In a gallery off to one side in the ongoing (through May 28, 2018) retrospective on the photography of Stephen Shore at the Museum of Modern Art is a row of iPads linked continuously to Shore’s ever-changing Instagram account. While Shore’s work has always strived to replicate quotidian experiences, it feels strange to scroll through the account while surrounded by his print-on-demand books of the same images, but also entirely natural. MoMA presents these digitally published and ‘hearted’ works as just another facet of the artist’s oeuvre, even including one of his old and cracked iPhones alongside his beloved Mick-a-Matic camera. While Shore’s use of Instagram feels like the 21st century version of the kinds of pictures he has been making through his entire career, other artists have taken up Instagram in ways that are challenging the art world at large.
In early November, IFA MA student Cindy Qi interviewed Hu Xiangqian, whose work is currently exhibited at the Institute of Fine Arts, NYU as a part of the fall Duke House Exhibition chin(a)frica: an interface, on view through February 18, 2018. Hu Xiangqian (b. 1983) was born in Leizhou, Guangdong Province and graduated in 2007 from Guangzhou Academy of Fine Arts. He currently lives and works in New York City. Hu’s artistic practice is grounded in performance and video works featuring an intentional amateurishness and crudeness. Notable exhibitions include the Gwangju Biennial (2014) and the Shanghai Biennial (2016). A photographic still of his durational performance piece entitled The Sun (2008) hangs in the Institute’s Lecture Hall. The interview was conducted in mandarin Chinese and later translated to English by Cindy Qi.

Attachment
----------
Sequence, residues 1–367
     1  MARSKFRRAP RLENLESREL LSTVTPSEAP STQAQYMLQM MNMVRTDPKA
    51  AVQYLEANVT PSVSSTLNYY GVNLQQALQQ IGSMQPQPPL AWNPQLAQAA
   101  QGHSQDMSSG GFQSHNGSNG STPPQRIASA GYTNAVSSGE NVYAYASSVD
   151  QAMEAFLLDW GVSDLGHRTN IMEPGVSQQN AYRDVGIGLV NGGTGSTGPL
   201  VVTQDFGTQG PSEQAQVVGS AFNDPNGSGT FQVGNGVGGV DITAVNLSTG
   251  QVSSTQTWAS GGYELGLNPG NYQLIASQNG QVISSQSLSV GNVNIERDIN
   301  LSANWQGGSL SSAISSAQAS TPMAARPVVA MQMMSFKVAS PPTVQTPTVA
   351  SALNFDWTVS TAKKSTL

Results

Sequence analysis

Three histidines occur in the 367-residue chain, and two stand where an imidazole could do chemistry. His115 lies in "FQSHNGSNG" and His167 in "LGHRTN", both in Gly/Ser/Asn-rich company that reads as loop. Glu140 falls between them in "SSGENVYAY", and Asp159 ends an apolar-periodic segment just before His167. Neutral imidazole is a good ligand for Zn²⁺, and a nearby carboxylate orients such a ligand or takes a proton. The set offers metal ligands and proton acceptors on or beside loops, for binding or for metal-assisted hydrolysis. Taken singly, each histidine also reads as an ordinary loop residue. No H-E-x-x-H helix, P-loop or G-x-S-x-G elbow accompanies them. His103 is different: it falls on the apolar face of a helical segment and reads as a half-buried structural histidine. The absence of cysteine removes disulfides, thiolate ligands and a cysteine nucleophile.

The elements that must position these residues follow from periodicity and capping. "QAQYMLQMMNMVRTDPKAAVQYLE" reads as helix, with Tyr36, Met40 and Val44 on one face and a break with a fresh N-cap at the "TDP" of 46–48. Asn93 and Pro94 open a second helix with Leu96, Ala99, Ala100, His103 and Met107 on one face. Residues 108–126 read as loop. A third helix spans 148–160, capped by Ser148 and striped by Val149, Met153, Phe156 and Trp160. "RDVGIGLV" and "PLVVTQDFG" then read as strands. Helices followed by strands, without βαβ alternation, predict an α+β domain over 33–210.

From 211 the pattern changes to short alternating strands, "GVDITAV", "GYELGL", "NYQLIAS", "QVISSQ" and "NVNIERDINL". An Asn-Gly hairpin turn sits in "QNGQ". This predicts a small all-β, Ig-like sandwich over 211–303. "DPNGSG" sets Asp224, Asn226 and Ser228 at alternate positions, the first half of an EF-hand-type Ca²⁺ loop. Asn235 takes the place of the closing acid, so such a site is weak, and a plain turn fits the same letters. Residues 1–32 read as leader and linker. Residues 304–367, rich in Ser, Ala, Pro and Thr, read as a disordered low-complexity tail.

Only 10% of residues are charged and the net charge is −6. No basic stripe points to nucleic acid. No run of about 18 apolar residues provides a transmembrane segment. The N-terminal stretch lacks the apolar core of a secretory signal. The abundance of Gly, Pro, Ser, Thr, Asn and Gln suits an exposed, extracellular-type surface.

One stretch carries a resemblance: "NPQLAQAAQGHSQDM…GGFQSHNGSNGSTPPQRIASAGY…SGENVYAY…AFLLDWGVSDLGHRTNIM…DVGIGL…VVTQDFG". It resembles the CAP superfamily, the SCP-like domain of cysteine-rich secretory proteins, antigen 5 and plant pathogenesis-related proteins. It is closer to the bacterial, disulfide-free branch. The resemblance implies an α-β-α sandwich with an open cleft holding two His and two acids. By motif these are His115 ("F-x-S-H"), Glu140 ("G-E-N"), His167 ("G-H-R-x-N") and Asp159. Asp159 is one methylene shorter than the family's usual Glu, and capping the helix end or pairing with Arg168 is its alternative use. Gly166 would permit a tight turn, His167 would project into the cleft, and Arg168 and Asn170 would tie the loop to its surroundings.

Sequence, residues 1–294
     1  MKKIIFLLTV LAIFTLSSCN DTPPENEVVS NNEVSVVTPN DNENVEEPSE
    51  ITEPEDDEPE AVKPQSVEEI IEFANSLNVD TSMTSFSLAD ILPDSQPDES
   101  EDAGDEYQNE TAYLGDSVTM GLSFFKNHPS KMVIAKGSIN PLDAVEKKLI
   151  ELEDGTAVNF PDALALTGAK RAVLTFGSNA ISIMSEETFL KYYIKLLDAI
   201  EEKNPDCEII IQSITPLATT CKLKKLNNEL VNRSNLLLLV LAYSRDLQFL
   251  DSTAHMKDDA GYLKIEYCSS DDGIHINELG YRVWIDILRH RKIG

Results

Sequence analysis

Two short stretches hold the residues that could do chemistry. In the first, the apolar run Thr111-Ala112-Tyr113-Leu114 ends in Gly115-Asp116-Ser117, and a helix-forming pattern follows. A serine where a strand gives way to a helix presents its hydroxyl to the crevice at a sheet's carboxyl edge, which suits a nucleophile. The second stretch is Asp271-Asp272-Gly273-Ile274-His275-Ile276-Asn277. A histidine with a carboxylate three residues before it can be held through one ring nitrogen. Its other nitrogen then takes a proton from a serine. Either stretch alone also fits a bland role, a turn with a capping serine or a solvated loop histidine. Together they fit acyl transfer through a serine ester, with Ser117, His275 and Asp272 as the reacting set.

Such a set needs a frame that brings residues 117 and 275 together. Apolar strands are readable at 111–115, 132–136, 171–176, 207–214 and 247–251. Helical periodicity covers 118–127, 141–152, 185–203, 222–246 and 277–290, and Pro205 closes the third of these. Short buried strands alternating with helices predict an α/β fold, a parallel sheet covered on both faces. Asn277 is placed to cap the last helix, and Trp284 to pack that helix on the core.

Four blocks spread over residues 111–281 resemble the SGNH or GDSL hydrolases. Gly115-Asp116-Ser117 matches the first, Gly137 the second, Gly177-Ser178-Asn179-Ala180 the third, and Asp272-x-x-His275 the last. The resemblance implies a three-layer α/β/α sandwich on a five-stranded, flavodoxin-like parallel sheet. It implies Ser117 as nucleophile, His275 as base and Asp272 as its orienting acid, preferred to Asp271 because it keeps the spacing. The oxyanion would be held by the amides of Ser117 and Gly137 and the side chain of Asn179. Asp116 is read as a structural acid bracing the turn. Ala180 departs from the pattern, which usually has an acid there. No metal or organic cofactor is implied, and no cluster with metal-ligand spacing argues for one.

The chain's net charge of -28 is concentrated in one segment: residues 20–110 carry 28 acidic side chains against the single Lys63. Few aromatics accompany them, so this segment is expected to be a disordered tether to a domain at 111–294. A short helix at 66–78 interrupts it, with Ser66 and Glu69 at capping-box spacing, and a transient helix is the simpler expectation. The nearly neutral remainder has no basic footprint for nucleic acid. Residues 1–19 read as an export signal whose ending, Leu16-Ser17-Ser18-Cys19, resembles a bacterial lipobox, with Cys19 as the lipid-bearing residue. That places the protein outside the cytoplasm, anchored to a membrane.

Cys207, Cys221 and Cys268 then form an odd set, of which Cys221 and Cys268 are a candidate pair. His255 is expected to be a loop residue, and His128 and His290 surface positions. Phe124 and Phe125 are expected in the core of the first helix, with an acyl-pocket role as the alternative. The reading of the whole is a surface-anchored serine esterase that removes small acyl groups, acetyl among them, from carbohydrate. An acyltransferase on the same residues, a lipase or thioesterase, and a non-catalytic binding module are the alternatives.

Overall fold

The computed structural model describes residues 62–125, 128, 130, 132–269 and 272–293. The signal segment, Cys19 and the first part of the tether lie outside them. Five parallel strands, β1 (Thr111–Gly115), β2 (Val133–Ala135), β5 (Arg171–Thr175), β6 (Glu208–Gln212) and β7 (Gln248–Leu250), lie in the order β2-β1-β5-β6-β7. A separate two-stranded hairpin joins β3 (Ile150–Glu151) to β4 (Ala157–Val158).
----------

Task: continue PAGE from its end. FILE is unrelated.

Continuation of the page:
CQ: Having been in New York for several months now, do you have any discoveries or inspirations you would like to share? Have you decided what kind of work to make during your time here?
HXQ: Yes, I have been preparing to get started in my studio. I live in Brooklyn and in my opinion, it’s a very isolated area that has nothing to do with art, but I like that place. It allows me to distance myself from all that is happening in Manhattan while also having the opportunity to be close to all of it. I really like this feeling of being able to pull away and engage at the same time.
The Usable Past: “The concept that a self-conscious examination of historical figures, moments, and symbols can shape current and future political formation.”
This is how the Whitney defines the title of one of five galleries in their ongoing permanent collection exhibition An Incomplete History of Protest. The works in the gallery present memory and nostalgia as both powerful and yet often insufficient vehicles to re-experience the past. Sharing tropes of obfuscation and anonymity, the works materialize the incomplete nature of memory and documentation.